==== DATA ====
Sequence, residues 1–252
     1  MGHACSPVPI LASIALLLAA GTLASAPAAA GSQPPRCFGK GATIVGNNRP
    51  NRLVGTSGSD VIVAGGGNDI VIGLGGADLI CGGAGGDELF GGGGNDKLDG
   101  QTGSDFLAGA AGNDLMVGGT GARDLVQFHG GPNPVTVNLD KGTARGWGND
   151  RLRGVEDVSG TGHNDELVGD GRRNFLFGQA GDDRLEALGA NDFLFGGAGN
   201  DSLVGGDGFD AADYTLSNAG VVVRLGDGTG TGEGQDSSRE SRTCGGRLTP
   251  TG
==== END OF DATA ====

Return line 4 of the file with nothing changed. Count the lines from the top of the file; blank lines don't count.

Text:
   101  QTGSDFLAGA AGNDLMVGGT GARDLVQFHG GPNPVTVNLD KGTARGWGND